Because the simulated image 17a is displayed as a full size image, should a full size frame of under-exposure be automatically judged as a panoramic frame, the erroneously judged full size frame can be visually judged as full size in a correct manner. To do this, with the under-exposure full size frame masked with the panoramic opening 30b, the exposure amount is corrected in view of the central panoramic range of the subject image. With the panoramic opening 30b retracted, the full size frame is simulated, so that the upper and lower horizontal portions appear on the monitor CRT 17. Although it is ordinarily difficult to visually discriminate such upper and lower horizontal portions of under-exposure as part of a subject image, exposure correction makes it possible to reliably judge the under-exposure full size frame by use of the monitor CRT 17. Therefore, a full size frame will not be misprinted as panoramic size.

To print the panoramic frame 23, the carrier masking 30 is again shifted to position the panoramic opening 30b on the panoramic frame 23, as illustrated in the flow chart of FIG. 4A. While the frame 23 is printed, the color paper 15 is masked by a corresponding panoramic opening at which the paper masking 43 is set. Note that, because the paper 15 is masked panoramically, it is possible to keep the panoramic opening 30b retracted from the panoramic frame 23 during a printing operation, to leave the frame 23 unmasked. This increases efficiency in printing frames to produce photographs.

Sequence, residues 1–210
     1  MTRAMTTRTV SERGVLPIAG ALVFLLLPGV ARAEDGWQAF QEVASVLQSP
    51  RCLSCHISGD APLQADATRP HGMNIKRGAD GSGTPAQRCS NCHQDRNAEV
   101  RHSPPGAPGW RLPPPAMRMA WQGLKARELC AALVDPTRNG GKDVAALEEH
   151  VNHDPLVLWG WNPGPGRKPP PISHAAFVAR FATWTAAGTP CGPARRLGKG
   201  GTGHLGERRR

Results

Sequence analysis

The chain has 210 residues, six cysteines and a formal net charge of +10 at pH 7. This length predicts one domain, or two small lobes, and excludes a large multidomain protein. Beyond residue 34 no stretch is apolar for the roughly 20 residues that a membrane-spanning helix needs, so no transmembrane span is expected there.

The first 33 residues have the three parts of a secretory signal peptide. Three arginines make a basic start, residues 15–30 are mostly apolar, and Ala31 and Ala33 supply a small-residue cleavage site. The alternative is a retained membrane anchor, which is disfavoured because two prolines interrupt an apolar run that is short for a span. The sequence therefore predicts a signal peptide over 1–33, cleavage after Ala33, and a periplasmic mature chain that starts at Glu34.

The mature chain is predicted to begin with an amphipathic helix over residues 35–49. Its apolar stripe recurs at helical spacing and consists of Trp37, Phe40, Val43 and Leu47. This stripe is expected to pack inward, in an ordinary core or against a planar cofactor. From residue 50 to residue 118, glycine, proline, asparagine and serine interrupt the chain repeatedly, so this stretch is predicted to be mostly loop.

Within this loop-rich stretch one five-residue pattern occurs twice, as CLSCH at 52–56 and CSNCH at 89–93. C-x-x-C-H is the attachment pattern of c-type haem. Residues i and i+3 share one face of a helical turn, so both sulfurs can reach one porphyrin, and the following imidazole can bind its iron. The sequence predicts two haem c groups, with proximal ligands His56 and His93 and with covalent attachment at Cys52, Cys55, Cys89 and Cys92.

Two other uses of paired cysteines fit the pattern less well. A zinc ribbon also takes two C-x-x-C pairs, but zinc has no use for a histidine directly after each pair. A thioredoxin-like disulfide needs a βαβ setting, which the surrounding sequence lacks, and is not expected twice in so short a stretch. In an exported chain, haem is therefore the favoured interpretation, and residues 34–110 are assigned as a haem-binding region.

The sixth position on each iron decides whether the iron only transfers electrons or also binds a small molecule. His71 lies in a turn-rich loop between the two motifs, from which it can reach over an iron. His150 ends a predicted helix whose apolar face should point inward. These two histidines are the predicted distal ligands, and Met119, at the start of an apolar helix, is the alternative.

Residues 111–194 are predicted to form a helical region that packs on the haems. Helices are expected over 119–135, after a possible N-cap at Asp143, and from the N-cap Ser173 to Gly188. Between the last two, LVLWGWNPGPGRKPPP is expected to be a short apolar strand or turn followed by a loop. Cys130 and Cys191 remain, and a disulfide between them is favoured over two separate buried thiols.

If the frame is automatically judged as full size, the full size opening 30a is positioned in the printing station. The full size frame masked as such is picked up and measured photometrically. The simulated positive image of the subject image as picked up is displayed on the monitor CRT 17. The operator observes the simulated image to check the frame size. If the frame size is erroneously as full size automatically, the operator enters a command through the keyboard 65 to position the panoramic opening 30b in the printing station. If the full size frame is confirmed on the monitor CRT 17 on the other hand, then correction of the simulated image is estimated, and the correcting keys are operated to input the exposure correcting data. With the correcting data entered, positions of setting the color filters are adjusted. The simulated image 17a, after exposure correction, is displayed on the monitor CRT 17. If the corrected simulation is acceptable, then the printing key is operated to print the printing-designated frame on the color paper. The negative film 14 is then fed to position the following printing-designated frame in the printing station to produce another photograph.